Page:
Tavern on the Green: W67
Converted to Restaurant:
Jacob Wrey Mould 1825-1886 • England
Grandiose in everyway, Tavern on the Green is Central Park’s largest and most flamboyant fine dining restaurant. Located to the west of the Sheep Meadow on 67th Street, it is difficult to imagine that this Victorian Gothic red brick and stone structure originally housed a shepherd and his flock of 200 sheep that used to graze upon the adjacent
. In 1934, this former Sheepfold was converted into a restaurant, which became a fashionable institution for New Yorkers during the many decades to follow. By the early ‘70s, Tavern on the Green had fallen out of favor as well as out of sync with the times, forcing it to close its doors in 1974. Thankfully, in 1976 the doors reopened, when the late Warner LeRoy became the proprietor, giving it a newfound popularity.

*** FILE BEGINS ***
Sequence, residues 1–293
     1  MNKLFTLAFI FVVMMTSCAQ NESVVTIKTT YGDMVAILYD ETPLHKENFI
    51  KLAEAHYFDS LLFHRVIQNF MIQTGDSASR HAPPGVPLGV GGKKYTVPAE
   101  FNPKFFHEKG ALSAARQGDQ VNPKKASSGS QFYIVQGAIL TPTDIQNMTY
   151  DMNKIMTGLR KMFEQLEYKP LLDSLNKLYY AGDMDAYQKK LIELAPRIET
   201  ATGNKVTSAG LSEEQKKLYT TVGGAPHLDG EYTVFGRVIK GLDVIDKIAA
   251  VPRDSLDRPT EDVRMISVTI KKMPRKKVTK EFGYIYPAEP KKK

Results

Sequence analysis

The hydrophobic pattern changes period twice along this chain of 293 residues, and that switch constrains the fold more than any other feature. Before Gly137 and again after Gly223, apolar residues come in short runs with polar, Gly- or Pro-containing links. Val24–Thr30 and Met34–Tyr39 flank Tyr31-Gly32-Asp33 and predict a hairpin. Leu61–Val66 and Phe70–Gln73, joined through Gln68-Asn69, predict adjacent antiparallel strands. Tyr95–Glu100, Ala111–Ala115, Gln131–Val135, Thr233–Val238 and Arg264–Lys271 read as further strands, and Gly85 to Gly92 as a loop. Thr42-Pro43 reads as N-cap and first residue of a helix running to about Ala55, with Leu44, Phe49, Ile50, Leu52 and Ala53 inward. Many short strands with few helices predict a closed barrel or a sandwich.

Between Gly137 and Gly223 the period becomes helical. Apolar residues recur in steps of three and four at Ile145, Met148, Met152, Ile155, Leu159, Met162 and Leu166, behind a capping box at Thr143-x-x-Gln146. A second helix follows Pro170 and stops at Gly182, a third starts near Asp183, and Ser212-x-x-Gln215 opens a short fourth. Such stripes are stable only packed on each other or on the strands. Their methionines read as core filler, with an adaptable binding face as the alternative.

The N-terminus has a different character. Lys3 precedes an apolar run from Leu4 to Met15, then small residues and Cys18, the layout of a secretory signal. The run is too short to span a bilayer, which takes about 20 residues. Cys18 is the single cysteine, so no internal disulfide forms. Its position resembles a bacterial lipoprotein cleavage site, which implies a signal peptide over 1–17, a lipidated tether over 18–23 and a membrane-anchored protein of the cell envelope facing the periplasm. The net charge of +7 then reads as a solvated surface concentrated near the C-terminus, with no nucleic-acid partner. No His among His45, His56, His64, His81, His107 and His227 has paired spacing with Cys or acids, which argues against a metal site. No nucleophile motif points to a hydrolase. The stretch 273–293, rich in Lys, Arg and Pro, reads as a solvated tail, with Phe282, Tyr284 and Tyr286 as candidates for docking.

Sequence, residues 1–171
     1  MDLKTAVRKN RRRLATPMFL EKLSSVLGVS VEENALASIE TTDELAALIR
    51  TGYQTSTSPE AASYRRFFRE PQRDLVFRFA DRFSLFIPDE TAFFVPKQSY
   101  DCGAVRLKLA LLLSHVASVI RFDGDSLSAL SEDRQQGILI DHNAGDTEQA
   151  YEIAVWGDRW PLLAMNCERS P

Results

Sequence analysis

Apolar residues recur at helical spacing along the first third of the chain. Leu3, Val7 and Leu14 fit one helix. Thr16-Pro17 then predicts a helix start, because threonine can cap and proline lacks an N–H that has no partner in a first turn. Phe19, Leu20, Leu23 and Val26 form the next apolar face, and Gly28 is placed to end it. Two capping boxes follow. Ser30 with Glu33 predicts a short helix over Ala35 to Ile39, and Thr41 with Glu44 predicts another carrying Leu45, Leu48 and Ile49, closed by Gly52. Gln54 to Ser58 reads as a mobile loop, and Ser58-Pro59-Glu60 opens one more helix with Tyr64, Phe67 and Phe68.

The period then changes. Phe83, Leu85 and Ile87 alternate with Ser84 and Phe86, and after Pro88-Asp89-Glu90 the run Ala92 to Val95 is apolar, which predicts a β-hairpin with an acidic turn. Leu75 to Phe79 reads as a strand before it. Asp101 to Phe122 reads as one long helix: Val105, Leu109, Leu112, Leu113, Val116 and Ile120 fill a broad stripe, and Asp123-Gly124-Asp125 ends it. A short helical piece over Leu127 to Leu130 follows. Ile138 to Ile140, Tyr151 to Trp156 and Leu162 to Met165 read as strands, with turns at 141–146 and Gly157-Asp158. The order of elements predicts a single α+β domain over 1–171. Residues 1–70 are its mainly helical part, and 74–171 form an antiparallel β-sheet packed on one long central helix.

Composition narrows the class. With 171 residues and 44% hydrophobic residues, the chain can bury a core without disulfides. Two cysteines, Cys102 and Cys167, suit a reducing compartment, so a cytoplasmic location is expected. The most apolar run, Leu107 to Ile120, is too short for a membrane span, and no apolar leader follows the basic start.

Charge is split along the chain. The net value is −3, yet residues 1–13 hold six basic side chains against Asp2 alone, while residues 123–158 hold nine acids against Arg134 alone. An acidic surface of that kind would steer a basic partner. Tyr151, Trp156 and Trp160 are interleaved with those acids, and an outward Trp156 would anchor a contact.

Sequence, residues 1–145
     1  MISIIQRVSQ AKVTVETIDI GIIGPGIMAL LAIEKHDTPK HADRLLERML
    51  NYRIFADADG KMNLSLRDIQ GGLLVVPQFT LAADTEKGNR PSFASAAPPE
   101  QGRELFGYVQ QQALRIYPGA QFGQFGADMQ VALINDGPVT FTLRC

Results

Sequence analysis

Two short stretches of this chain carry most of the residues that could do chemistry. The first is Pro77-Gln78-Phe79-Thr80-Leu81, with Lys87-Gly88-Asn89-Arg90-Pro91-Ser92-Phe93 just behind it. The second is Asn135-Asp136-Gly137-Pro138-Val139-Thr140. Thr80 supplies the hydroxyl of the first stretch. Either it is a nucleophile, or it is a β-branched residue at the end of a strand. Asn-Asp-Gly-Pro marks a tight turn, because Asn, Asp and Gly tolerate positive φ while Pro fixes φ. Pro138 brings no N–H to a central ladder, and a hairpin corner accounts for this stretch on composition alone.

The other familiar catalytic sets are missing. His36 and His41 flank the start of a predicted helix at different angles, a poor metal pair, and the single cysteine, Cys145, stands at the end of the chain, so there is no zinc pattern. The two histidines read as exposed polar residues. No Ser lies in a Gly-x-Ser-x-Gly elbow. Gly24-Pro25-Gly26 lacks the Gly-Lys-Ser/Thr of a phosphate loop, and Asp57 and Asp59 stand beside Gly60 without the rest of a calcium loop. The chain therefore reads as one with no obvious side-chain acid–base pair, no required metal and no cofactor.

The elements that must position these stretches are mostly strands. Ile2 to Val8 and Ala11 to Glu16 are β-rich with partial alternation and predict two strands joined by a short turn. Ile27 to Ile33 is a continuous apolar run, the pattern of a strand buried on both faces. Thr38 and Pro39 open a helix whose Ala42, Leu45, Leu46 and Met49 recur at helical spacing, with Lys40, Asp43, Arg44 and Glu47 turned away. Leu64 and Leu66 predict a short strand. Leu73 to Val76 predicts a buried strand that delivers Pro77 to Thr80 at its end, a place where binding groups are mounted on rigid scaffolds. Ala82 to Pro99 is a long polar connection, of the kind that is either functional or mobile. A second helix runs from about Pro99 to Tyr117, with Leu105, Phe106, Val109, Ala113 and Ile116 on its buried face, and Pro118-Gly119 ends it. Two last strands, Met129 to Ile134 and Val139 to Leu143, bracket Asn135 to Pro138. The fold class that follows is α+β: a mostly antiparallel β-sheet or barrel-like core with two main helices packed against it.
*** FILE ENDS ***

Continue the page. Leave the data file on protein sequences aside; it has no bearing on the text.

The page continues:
Known for its festive atmosphere it serves more than half a million patrons a year. Its location, size and setting have attracted many of New York’s prestigious events such as, Broadway show openings and film premieres.
There are now six elaborately decorated dining rooms: The Crystal Room, The Chestnut Room, The Park Room, The Rafters Room, The Terrace Room and a Crystal Gazebo each offering a unique dining experience.
The embellishments feature antique prints, etched mirrors, Tiffany glass and crystal chandeliers. Waiting at the red canopied entrance of the restaurant are horse drawn carriages waiting for passengers. Standing tall in the garden outside the glass enclosure of the Crystal Room are large theatrical topiary animals, including a reindeer, an
elephant and a gorilla.